We Love and Hate WordPress Plugins

WordPress, being the go-to CMS (Content Management System) for both personal and corporate use, does have limitations when it comes to its core functionality. When we want to add features to a WP site, a plugin can supplement the core features of WordPress without extensive coding and server settings.

When they work well, plugins can be an incredible boon to your website. When they don’t, you may feel like nuking the entire site. Plugins add to the overall versatility of WordPress, but when misused can overload your server and visitors.

Why We Use WordPress Plugins

WordPress is built as a system for processing information, and maintains its stability by sticking to a few specific purposes:

  • Making it easy to display your content on a website
  • Helping that website content looks consistent across multiple pages and posts

Beyond that, there isn’t very much built-in functionality. Selling items directly on a base WordPress website? Not possible. Collecting leads and putting them in a funnel? It would take a lot of custom coding and integration of the MX (mail) server as well as the CRM (Customer Relationship Management) system.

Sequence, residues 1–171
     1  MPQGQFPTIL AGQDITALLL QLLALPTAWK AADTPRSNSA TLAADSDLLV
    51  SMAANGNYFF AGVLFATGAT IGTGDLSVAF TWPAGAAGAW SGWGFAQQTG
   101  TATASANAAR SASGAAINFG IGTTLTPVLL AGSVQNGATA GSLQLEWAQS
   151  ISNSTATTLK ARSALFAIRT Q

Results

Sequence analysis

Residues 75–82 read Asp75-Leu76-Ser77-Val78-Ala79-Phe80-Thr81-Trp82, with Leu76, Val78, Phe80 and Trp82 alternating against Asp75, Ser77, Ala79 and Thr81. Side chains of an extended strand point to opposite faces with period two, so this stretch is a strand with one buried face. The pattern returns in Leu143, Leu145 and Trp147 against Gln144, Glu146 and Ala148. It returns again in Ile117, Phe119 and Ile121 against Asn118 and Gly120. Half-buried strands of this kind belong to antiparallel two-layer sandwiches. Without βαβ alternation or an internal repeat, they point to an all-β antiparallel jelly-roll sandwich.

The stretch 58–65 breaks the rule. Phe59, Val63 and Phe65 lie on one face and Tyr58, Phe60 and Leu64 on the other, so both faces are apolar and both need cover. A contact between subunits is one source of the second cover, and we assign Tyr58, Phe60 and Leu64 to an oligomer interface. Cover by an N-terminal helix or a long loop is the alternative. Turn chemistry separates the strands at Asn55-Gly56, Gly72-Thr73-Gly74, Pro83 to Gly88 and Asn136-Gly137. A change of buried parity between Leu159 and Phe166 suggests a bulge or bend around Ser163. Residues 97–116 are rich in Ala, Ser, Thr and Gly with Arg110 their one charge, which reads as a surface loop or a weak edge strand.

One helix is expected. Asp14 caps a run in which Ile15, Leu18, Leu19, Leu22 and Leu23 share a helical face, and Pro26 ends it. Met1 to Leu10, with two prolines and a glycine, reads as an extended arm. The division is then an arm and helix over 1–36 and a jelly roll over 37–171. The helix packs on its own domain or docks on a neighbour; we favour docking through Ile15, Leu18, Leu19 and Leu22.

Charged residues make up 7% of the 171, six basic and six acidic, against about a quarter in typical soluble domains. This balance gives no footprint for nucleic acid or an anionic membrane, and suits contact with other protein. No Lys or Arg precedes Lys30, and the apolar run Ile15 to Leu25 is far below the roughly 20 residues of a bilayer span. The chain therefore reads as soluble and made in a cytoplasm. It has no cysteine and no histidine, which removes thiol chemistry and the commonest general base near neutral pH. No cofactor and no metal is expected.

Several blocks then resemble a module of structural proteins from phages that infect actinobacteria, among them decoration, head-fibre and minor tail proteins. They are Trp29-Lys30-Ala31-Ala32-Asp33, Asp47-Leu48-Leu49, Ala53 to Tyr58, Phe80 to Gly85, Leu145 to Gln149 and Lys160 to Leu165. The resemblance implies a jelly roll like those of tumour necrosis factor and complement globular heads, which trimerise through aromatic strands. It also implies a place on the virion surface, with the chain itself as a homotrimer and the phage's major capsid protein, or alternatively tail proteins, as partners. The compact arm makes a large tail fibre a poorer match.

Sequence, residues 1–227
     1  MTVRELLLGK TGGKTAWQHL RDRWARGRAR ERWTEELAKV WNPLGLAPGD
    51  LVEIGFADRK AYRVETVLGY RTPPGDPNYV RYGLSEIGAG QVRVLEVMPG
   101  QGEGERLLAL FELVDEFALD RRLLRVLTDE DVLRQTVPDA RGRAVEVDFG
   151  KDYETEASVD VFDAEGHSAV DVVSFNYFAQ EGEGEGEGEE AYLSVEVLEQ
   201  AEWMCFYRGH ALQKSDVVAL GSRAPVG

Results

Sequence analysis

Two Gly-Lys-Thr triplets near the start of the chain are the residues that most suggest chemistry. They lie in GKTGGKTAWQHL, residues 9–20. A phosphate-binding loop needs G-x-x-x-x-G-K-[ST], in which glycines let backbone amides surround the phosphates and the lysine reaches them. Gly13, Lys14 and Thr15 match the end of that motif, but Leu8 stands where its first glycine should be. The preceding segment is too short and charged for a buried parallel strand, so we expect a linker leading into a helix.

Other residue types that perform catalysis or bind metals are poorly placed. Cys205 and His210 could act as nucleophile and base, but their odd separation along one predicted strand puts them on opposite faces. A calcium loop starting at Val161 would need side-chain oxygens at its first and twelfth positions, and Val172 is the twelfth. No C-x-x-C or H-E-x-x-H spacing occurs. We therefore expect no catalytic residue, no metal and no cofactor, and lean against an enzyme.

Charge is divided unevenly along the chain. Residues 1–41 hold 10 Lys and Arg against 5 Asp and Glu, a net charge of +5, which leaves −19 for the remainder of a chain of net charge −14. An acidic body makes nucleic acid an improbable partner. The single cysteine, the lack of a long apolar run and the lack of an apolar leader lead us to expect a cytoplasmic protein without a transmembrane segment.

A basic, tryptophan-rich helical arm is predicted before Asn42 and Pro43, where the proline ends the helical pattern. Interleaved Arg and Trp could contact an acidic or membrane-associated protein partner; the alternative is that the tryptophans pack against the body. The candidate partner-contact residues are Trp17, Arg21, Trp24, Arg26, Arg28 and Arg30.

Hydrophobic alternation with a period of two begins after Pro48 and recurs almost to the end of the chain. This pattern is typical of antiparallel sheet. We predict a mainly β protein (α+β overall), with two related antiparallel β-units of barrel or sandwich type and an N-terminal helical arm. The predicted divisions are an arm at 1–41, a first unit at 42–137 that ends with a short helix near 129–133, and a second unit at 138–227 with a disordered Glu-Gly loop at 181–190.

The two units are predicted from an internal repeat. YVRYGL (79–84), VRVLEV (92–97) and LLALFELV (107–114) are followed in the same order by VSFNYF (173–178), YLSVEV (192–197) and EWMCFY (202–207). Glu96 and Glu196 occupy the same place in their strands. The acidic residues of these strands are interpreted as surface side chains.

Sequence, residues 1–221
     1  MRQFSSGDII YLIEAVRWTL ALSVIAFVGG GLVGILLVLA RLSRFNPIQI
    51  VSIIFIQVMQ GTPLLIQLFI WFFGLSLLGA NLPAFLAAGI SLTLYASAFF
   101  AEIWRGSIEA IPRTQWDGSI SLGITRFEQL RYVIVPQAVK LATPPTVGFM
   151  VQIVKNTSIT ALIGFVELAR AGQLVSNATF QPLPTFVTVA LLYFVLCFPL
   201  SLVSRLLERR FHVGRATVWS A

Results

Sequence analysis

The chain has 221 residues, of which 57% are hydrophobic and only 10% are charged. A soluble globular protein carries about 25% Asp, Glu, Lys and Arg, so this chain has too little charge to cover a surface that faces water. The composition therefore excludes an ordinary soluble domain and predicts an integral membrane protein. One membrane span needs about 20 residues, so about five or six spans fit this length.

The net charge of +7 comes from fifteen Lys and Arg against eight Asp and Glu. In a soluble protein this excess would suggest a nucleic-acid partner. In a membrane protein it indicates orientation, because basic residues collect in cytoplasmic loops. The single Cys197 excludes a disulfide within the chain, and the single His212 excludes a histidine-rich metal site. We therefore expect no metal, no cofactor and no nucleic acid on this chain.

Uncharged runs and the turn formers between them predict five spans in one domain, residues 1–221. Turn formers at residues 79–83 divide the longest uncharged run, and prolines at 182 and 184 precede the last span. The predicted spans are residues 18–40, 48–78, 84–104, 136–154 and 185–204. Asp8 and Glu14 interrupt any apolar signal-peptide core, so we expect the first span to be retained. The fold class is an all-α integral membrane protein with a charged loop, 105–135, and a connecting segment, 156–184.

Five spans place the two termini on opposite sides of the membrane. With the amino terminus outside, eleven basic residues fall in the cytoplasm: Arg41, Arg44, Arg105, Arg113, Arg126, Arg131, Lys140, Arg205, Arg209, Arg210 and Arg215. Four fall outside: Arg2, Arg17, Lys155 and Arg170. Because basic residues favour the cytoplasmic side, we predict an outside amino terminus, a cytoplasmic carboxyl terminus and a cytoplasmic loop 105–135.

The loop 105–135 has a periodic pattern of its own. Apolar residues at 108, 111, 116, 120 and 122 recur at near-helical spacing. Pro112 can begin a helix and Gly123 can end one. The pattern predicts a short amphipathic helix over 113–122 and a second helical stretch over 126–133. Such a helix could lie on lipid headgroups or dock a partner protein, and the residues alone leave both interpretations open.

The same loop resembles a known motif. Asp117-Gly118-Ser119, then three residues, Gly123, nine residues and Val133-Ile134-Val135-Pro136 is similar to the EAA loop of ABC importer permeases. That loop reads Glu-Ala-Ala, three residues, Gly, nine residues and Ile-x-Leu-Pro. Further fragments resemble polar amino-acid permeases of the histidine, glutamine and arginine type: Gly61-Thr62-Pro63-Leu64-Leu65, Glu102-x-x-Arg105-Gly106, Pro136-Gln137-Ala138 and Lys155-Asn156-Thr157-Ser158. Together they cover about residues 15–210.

Even something as seemingly simple as adding Google Analytics tracking to your website can be problematic – you can add it, but it may be overwritten if there is a theme update.

Wordpress theme header html being edited

Plugins are an extremely effective way to add and segment different functions of your website to make a better experience for both yourself and your visitors.

The best plugins should be updated on a regular basis, both for feature additions, as well as stability within the constantly updated WordPress platform. When you find a recommended plugin that has not been updated in years, be sure to test it with your WordPress installation. Older plugins rely on old code that will probably have been updated since it was first released.

Custom WordPress Modifications Instead of Plugins